The mathematical formulations of quantum mechanics are abstract. A mathematical function known as the wavefunction provides information about the probability amplitude of position, momentum, and other physical properties of a particle. Mathematical manipulations of the wavefunction usually involve the bra-ket notation, which requires an understanding of complex numbers and linear functionals. The wavefunction treats the object as a quantum harmonic oscillator, and the mathematics is akin to that describing acoustic resonance. Many of the results of quantum mechanics are not easily visualized in terms of classical mechanics—for instance, the ground state in a quantum mechanical model is a non-zero energy state that is the lowest permitted energy state of a system, as opposed to a more "traditional" system that is thought of as simply being at rest, with zero kinetic energy. Instead of a traditional static, unchanging zero state, quantum mechanics allows for far more dynamic, chaotic possibilities, according to John Wheeler.
The earliest versions of quantum mechanics were formulated in the first decade of the 20th century. At around the same time, the atomic theory and the corpuscular theory of light (as updated by Einstein) first came to be widely accepted as scientific fact; these latter theories can be viewed as quantum theories of matter and electromagnetic radiation, respectively. Early quantum theory was significantly reformulated in the mid-1920s by Werner Heisenberg, Max Born and Pascual Jordan, who created matrix mechanics; Louis de Broglie and Erwin Schrödinger (Wave Mechanics); and Wolfgang Pauli and Satyendra Nath Bose (statistics of subatomic particles). And the Copenhagen interpretation of Niels Bohr became widely accepted. By 1930, quantum mechanics had been further unified and formalized by the work of David Hilbert, Paul Dirac and John von Neumann, with a greater emphasis placed on measurement in quantum mechanics, the statistical nature of our knowledge of reality, and philosophical speculation about the role of the observer. Quantum mechanics has since branched out into almost every aspect of 20th century physics and other disciplines, such as quantum chemistry, quantum electronics, quantum optics, and quantum information science. Much 19th century physics has been re-evaluated as the "classical limit" of quantum mechanics, and its more advanced developments in terms of quantum field theory, string theory, and speculative quantum gravity theories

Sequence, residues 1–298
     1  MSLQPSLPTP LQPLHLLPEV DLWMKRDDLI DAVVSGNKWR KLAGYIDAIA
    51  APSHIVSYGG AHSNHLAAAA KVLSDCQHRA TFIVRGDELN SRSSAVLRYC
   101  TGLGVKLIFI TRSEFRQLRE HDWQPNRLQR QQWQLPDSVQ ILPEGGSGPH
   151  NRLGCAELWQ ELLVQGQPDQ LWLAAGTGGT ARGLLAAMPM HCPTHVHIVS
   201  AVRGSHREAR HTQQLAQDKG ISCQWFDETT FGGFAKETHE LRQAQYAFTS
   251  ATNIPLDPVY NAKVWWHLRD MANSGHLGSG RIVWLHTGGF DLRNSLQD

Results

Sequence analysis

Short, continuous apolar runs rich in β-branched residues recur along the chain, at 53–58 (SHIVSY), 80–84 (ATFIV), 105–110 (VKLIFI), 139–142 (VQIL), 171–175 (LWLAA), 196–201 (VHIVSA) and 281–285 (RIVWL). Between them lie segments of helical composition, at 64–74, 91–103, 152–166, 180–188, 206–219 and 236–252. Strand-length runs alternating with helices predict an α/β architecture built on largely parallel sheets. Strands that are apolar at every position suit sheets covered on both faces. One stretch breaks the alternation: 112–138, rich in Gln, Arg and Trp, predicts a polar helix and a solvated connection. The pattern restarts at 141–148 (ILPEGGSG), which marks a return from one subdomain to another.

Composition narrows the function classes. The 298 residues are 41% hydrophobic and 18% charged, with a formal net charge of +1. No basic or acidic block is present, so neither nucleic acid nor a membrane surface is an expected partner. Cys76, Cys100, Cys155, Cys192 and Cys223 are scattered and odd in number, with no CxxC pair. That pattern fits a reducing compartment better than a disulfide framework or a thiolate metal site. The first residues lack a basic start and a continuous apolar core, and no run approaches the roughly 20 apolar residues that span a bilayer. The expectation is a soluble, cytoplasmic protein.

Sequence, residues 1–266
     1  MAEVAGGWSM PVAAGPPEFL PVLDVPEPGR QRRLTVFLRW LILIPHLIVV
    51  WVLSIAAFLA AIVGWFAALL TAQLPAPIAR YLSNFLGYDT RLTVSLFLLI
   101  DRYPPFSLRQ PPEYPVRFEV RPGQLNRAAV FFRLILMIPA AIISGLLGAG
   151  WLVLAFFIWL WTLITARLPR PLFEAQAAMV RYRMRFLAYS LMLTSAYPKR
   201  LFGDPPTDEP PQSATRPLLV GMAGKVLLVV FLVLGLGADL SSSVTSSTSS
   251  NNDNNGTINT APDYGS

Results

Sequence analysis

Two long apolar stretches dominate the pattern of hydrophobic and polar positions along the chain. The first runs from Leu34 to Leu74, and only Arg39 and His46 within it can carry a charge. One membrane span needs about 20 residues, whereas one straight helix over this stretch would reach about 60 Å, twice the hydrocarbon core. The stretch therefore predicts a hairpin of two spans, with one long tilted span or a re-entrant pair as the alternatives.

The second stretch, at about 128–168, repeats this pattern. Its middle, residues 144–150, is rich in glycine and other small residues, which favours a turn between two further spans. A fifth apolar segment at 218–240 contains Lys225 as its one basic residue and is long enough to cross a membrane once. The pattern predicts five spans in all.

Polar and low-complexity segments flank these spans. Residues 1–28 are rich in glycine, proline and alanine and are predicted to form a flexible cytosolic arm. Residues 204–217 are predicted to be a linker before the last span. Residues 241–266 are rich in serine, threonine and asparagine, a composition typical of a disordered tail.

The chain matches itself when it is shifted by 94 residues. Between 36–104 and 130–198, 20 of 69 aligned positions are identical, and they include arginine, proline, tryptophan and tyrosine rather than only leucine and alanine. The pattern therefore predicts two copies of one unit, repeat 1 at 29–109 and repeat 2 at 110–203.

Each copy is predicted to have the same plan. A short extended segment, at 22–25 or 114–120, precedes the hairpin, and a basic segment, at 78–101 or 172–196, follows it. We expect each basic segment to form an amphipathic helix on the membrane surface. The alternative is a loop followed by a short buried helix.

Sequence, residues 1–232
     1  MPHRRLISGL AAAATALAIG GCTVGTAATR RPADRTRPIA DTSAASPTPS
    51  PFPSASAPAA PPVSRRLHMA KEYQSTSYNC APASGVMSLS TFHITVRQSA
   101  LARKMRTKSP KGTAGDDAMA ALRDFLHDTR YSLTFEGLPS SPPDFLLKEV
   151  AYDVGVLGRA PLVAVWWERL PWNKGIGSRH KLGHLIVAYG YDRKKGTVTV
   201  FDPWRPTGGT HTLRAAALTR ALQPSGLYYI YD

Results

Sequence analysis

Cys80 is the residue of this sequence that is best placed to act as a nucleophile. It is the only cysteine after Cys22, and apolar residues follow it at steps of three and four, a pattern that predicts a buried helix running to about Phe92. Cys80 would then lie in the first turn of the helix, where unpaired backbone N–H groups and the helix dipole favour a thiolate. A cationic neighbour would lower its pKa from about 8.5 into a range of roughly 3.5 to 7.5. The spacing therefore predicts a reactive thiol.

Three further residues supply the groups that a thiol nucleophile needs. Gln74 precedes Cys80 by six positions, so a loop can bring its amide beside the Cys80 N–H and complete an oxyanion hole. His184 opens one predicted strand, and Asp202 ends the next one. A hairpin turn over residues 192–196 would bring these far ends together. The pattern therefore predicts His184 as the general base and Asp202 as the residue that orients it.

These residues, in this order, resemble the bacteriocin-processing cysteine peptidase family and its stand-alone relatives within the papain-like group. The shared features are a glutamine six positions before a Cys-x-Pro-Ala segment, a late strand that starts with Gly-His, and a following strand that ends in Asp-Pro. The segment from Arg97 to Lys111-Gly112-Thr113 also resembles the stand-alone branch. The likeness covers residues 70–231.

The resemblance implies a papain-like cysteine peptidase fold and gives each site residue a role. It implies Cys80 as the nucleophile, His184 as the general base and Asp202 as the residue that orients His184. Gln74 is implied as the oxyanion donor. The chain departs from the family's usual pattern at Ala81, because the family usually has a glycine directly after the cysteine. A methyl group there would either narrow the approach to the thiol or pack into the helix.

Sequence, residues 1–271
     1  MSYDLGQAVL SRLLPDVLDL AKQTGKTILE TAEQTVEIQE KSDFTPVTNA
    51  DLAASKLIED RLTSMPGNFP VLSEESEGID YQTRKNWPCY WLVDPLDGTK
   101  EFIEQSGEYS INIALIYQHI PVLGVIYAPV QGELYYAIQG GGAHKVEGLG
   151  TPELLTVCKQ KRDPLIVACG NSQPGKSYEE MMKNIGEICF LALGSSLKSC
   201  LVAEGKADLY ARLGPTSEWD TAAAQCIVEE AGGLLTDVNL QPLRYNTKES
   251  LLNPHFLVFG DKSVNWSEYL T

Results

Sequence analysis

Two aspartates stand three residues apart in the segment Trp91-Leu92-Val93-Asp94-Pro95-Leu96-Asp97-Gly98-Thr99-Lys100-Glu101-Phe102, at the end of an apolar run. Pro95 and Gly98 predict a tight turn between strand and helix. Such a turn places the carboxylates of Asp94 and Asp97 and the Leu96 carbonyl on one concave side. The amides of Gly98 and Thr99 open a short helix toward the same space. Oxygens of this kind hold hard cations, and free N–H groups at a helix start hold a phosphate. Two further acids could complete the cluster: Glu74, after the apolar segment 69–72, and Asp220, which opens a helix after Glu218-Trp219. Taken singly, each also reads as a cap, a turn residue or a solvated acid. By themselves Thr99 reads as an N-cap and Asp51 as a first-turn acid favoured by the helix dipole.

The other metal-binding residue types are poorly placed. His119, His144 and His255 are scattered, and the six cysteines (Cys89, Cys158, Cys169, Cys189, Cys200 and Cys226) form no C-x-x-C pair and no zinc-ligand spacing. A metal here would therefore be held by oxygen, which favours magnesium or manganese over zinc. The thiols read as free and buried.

Wow, you are really smart or you know how to use wiki...
Alex, was that a throughbred horse or just a plow horse?
I don't know Jack about horses.
I'm bigger on usage than I am on spelling. As a little kid in school I was asked by the teacher to use the word "fascinate" in a sentence. I said, " I once had nine buttons on my pants but I could only fascinate."
Exactly, verbatim from wiki.
Spelling is equal to punctuation in my book. I'm iffy on helping Jack off a horse, in any sense. However, some day I'd like to meet Jim, but I never want to meat him.
Their really isn't enough information to no weather they're horse was in their coral or was scene in there pasture.
YES THEIR IS.